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Re: Mac Questions

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  • Dave Land
    ... Actually, making this work in bash (or other shell) requires a little more than just reading the file... Here s the relevant chunk from my .bashrc: # Get
    Message 1 of 9 , Jan 8, 2007
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      On Jan 8, 2007, at 3:03 PM, Dave Land wrote:

      > Happily, Apple provided a utility that handles it for you:
      >
      > defaults read "${HOME}/.MacOSX/environment"

      Actually, making this work in bash (or other shell) requires a little
      more than just reading the file... Here's the relevant chunk from
      my .bashrc:

      # Get environment variables from ~/.MacOSX/environment.plist
      # (This avoids the sin of duplicating data here and in that file)
      if [[ `uname` == 'Darwin' ]] ; then
      defaults read ~/.MacOSX/environment | grep -v '[{}]' | tr '"' "'" |
      awk '{ print "declare -x",$1"="$3 }' | while read -r OneLine; do eval
      $OneLine; done;
      fi

      To give credit where it's due, this came from a comment on
      macosxhints.com.

      The conditional (if [[ `uname` == "Darwin' ]]) is because I use this
      same .bashrc across several hosts, including Solaris, Linux, and Mac
      OS X.

      Dave
    • Bram Moolenaar
      ... This issue comes up often enough that it deserves a section in the help. Could you perhaps write some text? If you can send me a patch that would be
      Message 2 of 9 , Jan 9, 2007
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        Dave Land wrote:

        > On Jan 8, 2007, at 3:03 PM, Dave Land wrote:
        >
        > > Happily, Apple provided a utility that handles it for you:
        > >
        > > defaults read "${HOME}/.MacOSX/environment"
        >
        > Actually, making this work in bash (or other shell) requires a little
        > more than just reading the file... Here's the relevant chunk from
        > my .bashrc:
        >
        > # Get environment variables from ~/.MacOSX/environment.plist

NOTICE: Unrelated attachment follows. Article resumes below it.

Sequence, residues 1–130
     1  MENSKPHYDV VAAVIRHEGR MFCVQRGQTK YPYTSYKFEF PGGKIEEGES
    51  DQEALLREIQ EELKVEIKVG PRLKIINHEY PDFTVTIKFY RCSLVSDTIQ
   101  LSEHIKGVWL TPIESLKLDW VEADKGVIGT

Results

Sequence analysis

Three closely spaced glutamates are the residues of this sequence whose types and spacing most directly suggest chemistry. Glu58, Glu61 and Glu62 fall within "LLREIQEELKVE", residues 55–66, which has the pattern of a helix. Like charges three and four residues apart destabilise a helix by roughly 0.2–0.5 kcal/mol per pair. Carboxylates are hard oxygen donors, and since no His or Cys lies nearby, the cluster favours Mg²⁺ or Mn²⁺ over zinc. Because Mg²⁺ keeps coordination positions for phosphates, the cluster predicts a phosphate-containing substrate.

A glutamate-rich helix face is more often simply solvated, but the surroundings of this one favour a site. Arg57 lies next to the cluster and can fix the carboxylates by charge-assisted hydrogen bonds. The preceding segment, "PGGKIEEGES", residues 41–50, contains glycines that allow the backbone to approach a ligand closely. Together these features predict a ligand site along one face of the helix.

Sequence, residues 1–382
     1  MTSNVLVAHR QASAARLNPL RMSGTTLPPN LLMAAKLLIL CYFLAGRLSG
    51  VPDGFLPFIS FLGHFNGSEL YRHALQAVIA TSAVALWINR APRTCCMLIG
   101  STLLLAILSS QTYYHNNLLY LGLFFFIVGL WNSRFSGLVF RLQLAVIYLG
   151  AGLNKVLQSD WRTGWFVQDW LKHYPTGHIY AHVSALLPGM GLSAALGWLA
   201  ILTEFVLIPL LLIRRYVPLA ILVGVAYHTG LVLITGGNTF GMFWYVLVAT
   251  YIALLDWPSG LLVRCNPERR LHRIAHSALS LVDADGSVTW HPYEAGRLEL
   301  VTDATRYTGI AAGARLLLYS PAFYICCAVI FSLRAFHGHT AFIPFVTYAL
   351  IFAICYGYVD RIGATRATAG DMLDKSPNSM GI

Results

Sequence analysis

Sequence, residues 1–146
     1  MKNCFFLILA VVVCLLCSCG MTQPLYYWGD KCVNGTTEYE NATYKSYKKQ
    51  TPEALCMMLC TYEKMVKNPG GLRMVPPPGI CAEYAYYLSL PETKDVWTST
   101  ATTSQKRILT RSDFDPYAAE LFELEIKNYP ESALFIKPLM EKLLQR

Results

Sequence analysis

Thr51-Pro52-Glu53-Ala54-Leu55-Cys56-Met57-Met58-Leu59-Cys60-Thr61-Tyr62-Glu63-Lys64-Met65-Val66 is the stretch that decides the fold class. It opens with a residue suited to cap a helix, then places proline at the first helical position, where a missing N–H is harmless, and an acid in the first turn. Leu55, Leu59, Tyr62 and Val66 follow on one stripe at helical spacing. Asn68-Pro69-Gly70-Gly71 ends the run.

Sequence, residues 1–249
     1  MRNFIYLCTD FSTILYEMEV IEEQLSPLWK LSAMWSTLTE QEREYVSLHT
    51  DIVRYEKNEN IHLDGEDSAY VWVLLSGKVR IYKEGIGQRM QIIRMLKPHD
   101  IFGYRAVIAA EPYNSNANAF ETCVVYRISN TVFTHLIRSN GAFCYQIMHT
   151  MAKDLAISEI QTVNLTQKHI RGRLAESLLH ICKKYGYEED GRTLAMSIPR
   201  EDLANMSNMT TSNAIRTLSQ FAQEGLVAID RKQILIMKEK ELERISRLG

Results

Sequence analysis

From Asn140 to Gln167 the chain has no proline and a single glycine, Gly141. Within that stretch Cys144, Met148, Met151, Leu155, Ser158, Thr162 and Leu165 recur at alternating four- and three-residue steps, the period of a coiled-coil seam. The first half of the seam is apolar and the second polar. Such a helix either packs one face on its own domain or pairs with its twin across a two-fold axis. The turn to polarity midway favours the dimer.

> # (This avoids the sin of duplicating data here and in that file)
        > if [[ `uname` == 'Darwin' ]] ; then
        > defaults read ~/.MacOSX/environment | grep -v '[{}]' | tr '"' "'" |
        > awk '{ print "declare -x",$1"="$3 }' | while read -r OneLine; do eval
        > $OneLine; done;
        > fi
        >
        > To give credit where it's due, this came from a comment on
        > macosxhints.com.
        >
        > The conditional (if [[ `uname` == "Darwin' ]]) is because I use this
        > same .bashrc across several hosts, including Solaris, Linux, and Mac
        > OS X.

        This issue comes up often enough that it deserves a section in the help.
        Could you perhaps write some text? If you can send me a patch that
        would be great.

        --
        hundred-and-one symptoms of being an internet addict:
        4. Your eyeglasses have a web site burned in on them.

        /// Bram Moolenaar -- Bram@... -- http://www.Moolenaar.net \\\
        /// sponsor Vim, vote for features -- http://www.Vim.org/sponsor/ \\\
        \\\ download, build and distribute -- http://www.A-A-P.org ///
        \\\ help me help AIDS victims -- http://ICCF-Holland.org ///
      • Brian McKee
        ... Hash: SHA1 ... Just a quick note to anyone using that plist option - I once wasted about 20 hours of my time because a bad? corrupt? I never determined
        Message 3 of 9 , Jan 9, 2007
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          -----BEGIN PGP SIGNED MESSAGE-----
          Hash: SHA1

          On 8-Jan-07, at 6:14 PM, Dave Land wrote:

          > On Jan 8, 2007, at 3:03 PM, Dave Land wrote:
          >